ASIC announced yesterday an additional suite of temporary measures to assist entities with their financial reporting obligations and has amended its ‘no action’ position in respect of Annual General Meetings (AGM). The relief measures are two-fold:
- ASIC will extend the financial reporting deadlines for both listed and unlisted entities to lodge financial reports by one month for certain financial year ends up to and including 7 July 2020 given reporting processes are taking additional time due to current remote work arrangements, travel restrictions and other impacts of COVID-19.
- ASIC has extended its ‘no-action’ position in relation to AGMs so that public companies with financial year ends that fall between 31 December 2019 and 7 July 2020 will have up to seven months (rather than five months) after their respective financial year ends to hold their AGM.
We have summarised these new developments in further detail below.
ASIC extends financial reporting deadlines
ASIC will extend the deadline for both listed and unlisted entities to lodge financial reports under Chapters 2M and 7 of the Corporations Act by one month for certain financial year ends up to and including 7 July 2020. This builds on earlier relief ASIC announced for unlisted entities with financial year ends that fall between 31 December 2019 and 31 March 2020. The legislative instrument extending the financial reporting deadlines will be issued by the end of next week.
Entities can only take advantage of the extended deadlines where the normal reporting deadline has not already passed at the time the legislative instrument is registered. Where possible, entities should continue to lodge their financial reports within the normal statutory deadlines, considering the information needs of stakeholders and the entity’s borrowing covenants or other obligations.
Under ASIC’s additional relief measures:
- Unlisted entities will have an additional month to lodge financial reports for financial year ends from 31 December 2019 to 7 July 2020; and
- Listed entities will have an additional month to report for full year and half-year financial reports for financial year ends that fall in the period between 21 February 2020 and 7 July 2020. Listed entities will have to inform the market when they rely on the extended period for lodgement and ASIC has noted that it may also be desirable for them to explain the reasons for relying on the extended deadlines.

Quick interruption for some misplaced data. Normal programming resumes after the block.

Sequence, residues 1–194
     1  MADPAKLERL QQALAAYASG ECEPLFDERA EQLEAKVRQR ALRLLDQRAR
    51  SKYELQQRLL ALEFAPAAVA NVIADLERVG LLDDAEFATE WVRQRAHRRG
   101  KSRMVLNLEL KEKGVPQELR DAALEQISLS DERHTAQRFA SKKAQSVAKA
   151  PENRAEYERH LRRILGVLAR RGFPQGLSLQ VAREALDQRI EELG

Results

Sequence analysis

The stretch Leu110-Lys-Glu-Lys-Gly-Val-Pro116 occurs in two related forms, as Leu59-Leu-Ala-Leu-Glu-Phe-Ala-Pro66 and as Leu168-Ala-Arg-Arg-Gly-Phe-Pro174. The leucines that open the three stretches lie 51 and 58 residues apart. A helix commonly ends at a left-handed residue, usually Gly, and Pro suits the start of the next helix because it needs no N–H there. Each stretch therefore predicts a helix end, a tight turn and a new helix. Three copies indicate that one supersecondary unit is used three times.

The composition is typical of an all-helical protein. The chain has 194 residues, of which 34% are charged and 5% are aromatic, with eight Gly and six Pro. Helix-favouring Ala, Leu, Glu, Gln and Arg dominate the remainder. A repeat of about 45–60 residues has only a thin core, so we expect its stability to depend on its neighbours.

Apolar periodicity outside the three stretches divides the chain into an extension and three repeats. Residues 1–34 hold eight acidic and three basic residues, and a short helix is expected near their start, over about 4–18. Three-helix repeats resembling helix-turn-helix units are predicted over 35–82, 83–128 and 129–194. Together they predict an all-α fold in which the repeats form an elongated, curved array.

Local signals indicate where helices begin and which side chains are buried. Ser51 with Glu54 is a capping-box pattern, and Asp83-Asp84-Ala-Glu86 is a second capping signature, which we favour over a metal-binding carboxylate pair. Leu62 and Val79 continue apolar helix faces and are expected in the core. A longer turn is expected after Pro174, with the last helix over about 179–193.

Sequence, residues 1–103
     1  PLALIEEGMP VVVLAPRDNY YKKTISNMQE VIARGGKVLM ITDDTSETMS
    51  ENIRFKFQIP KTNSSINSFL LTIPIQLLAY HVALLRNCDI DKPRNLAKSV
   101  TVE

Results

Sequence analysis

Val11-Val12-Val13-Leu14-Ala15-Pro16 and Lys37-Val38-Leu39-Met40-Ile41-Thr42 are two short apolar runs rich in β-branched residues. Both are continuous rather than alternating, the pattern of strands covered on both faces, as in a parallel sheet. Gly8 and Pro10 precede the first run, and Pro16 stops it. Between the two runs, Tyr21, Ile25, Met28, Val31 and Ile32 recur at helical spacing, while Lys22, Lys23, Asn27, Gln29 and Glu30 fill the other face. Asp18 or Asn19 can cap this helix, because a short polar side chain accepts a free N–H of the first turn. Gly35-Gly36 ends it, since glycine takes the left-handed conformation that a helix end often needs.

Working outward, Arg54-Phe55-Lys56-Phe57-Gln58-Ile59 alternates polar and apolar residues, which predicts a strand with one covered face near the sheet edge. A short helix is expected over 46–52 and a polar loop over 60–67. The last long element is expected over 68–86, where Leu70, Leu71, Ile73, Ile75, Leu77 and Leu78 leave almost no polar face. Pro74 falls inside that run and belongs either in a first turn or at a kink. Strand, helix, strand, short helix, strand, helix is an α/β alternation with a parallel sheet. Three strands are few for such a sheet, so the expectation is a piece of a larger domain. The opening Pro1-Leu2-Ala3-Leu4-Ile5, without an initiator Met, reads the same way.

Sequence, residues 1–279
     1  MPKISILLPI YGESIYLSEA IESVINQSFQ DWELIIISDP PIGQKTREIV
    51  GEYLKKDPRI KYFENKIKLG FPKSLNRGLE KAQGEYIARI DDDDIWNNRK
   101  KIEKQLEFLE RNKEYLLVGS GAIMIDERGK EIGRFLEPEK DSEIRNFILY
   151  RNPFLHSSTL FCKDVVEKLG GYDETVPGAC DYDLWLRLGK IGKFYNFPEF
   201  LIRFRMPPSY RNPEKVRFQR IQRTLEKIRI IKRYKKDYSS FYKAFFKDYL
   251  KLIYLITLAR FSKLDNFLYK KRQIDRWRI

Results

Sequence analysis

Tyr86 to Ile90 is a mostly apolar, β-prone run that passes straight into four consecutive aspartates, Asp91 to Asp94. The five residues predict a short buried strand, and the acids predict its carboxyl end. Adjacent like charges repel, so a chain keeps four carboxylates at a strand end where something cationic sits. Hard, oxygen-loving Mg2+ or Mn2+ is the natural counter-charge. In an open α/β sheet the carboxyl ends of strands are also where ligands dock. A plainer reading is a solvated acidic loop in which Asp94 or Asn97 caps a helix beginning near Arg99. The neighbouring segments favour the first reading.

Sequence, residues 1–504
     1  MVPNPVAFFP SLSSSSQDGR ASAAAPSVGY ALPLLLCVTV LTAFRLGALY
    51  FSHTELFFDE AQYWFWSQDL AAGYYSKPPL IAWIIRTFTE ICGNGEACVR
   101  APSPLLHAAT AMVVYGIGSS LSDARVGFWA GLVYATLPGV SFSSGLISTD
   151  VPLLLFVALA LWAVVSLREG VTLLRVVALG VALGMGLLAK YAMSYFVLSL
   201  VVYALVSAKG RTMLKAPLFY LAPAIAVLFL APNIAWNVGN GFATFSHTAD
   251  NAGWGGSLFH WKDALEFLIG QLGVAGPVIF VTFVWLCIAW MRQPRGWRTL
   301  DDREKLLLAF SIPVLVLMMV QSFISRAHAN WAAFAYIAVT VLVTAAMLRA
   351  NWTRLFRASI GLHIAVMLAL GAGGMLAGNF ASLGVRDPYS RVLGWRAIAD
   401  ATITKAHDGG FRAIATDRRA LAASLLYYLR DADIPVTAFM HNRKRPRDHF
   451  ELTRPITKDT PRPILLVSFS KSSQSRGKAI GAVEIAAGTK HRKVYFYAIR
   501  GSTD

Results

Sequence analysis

Despite these new measures, ASX listed entities will still need to lodge their Appendix 4E preliminary financial reports under ASX Listing Rules 4.3A and 4.3B by the due date (eg. 31 August 2020 for 30 June 2020 year ends). If the entity does not have audited accounts by that date, it will need to lodge unaudited accounts with its Appendix 4E.
ASIC has also flagged that certain consequential relief will be available (where applicable) for entities which take advantage of the extended deadlines. This includes (amongst other things) similar extended deadlines for sending reports to members.
ASIC extends its ‘No action’ position in relation to AGMs
ASIC adopted a ‘no-action’ position for entities with a financial year end of 31 December 2019 that are required to hold their AGM by 31 May 2020, as we previously discussed here. This meant that ASIC would not take action against such entities for failing to comply with their obligations under s 250N(2) of the Corporations Act provided the entity holds their AGM by 31 July 2020.
In light of the social distancing measures and travel restrictions that continue to remain in place, ASIC has extended its ‘no action’ position to apply to public companies with financial year ends that fall between 31 December 2019 and 7 July 2020. Accordingly, these public companies will have up to seven months (rather than five months) after their respective financial year ends to hold an AGM. For public companies with 1 June 2020 to 7 July 2020 financial year ends, this also means that ASIC will not take any legal action where holding their AGM in January or February 2021 results in a failure to comply with the requirement to hold an AGM in the 2020 calendar year. However, ASIC recommends that public companies that choose to delay their AGM should refrain from holding their AGMs in the peak holiday period in late December 2020 and early January 2021. It should also be emphasised that ASIC’s ‘no action’ stance does not preclude third parties from taking legal action.
For companies that have also relied on ASIC’s extension of time for the lodgement of financial reports, ASIC’s ‘no-action’ position will allow for additional time to distribute financial reports to members prior to the AGM.
Virtual Meeting Determination ends on 6 November 2020 unless extended
Entities which seek to rely on the amendment to ASIC’s ‘no action’ position and choose to hold their AGM after 6 November 2020 will not be able to rely on the virtual meeting changes introduced on 5 May 2020 (see our article here) unless those temporary changes are extended by the Treasurer. As ASIC’s ‘no-action’ position and guidance does not have legislative force, entities whose constitutions do not permit virtual AGMs may be exposed to third party legal action if they hold a virtual meeting after 6 November 2020.